Founded in 1981, the Bouldin Creek Neighborhood Association (BCNA) is one of the city’s oldest area resident groups. Today, the neighborhood contains over 5,600 residents and includes Auditorium Shores, The Long Center for the Performing Arts, and the Lester E. Palmer Community Events Center.

Bouldin Creek’s most unique assets are its residents. From its historic south-of-the-river, second-class status, the neighborhood has become home to diverse cultural groups ranging from decades-old residents to new tenants; from old hippies to young techies. The result is an eclectic and vibrant mix of residents.


The Bouldin Creek neighborhood, as well as the BCNA, is bordered by Lady Bird Lake on the north, the Union Pacific Railroad Tracks on the west, Oltorf Street on the south, and South Congress Avenue on the east.




The BCNA reaches out to neighborhood residents by

  • Hosting General Assocation meetings, which are expected to be held at 6:45 PM on second (2nd) Tuesday every third (3rd) month via Zoom
  • Encouraging residents to join the BCNA e-mail list
  • Publishing the Bouldin Bulletin, the periodic neighborhood newsletter

To learn more about how the BCNA operates, consult the current bylaws


Becker Elementary is the home elementary school for a large portion of the neighborhood, and some of the area contributes to Travis Heights Elementary. Lively Middle School and William B Travis High School also serve our community.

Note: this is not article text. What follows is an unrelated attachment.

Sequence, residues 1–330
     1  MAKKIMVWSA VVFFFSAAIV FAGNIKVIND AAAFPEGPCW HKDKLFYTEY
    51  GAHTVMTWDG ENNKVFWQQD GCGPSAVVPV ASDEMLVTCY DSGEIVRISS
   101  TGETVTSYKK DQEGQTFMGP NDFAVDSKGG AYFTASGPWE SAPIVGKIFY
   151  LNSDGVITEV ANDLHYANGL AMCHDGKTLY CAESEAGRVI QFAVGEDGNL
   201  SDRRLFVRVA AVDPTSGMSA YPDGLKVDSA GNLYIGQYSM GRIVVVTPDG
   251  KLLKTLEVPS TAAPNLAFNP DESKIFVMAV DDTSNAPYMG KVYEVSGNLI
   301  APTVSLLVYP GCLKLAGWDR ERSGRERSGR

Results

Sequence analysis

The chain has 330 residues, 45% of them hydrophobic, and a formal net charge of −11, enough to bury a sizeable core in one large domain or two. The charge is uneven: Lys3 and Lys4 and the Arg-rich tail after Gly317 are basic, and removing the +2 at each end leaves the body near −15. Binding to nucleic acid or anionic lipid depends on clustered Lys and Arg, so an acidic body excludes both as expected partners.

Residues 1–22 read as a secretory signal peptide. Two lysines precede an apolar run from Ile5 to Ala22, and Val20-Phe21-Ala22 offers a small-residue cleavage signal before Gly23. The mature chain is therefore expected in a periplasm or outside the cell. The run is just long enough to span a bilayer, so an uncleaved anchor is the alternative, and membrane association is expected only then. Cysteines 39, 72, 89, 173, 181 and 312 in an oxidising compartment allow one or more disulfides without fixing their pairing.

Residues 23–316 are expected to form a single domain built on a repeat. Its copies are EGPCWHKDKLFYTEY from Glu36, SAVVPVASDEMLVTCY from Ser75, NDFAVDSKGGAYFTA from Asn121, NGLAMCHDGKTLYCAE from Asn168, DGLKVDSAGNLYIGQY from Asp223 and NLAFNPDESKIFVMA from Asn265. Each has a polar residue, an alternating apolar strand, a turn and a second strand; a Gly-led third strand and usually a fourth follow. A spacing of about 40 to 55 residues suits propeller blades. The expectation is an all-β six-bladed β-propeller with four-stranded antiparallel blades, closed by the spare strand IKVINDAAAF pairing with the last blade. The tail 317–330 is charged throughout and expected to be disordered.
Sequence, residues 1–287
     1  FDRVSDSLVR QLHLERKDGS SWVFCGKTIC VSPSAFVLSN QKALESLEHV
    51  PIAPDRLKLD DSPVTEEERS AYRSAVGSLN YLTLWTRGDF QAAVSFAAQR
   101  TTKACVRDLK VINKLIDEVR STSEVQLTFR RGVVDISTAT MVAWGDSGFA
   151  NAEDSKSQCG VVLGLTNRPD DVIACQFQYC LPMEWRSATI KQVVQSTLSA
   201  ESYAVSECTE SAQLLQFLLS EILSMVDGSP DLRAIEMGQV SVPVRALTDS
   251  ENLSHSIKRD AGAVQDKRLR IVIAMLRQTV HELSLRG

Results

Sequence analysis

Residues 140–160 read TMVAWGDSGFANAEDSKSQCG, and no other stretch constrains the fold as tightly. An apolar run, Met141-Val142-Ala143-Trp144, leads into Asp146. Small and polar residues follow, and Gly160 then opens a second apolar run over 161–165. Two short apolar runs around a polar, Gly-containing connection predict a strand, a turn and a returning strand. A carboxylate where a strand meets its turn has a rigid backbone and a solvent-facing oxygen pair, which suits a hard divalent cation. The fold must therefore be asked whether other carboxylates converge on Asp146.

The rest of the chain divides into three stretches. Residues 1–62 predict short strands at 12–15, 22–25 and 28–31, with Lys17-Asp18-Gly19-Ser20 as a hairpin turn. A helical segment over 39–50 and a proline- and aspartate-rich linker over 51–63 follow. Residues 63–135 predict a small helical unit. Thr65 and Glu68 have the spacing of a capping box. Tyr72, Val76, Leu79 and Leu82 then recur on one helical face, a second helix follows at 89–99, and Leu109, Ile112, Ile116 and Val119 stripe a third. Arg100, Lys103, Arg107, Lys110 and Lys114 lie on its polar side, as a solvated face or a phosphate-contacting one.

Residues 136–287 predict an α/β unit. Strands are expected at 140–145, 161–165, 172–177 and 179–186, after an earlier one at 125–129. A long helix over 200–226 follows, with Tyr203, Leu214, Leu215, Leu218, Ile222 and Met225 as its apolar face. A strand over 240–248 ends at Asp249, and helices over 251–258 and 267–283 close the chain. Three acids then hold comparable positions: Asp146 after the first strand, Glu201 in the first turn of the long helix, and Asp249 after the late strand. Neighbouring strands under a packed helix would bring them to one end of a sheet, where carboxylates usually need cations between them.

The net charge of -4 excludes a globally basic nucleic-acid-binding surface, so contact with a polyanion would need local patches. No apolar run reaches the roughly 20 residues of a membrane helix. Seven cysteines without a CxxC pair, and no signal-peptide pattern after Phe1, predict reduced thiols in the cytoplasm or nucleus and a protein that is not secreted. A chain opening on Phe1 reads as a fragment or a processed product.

One of Austin’s oldest neighborhoods, the land comprising Bouldin Creek was located within Ben Milam’s colony.   On March 17, 1835 a league of land was granted to Isaac Decker. That land bordered the Colorado River from the mouth of Barton Creek in the west to the mouth of Blunn Creek to the east, its southeastern border reached to Williamson Creek, near IH-35. The southwestern corner was approximately where Stassney Lane and Menchaca Road now meet. The document was originally written in Spanish.

Decker and his family did not live in this area for long and sold his land to David Browning and Daniel Browning on June 18,1838. The land eventually was sold to John J. Grumbles who in 1852 conveyed 1000 acres from the old Issac Decker League to James E. Bouldin Sr. for $5,000 cash. (Travis Co. Deed Records, Dec. 1852, Book F, p.179)

A great deal of neighborhood growth occurred in the 1920s and 1930s. A 1910 street map shows Bouldin as nearly uninhabited, whereas a 1920s map shows Live Oak St. as Austin’s southernmost city limit.

The neighborhood’s largest institutional resident is the Texas School for the Deaf. Established in 1856, the school’s 65 acre campus stretches between South Congress and South First Street and from Barton Springs Road to Elizabeth Street. While the original school building was demolished in 1956, an ambitious expansion and renovation program began at the school in 1992 and continues to this day.

Before 20th century damming and flood control, real estate south of the river was cheap, partially due to frequent Colorado River flooding which often left residents and businesses unable to reach downtown. As a result, many black families made their homes in the Bouldin Creek neighborhood, establishing churches such as the 1916 St. Anne African Methodist Episcopal Church and the nearby Goodwill Baptist Church.

Bouldin Creek was home to one of Austin’s most famous voices, the late speaker, writer, and first amendment rights activist John Henry Faulk. The boyhood residence of Faulk, the landmark 1894 Victorian mansion of Dr. E.W. Herndon, is now occupied by Mattie’s at Green Pastures Restaurant. Another neighborhood notable includes the baseball great Willy Wells.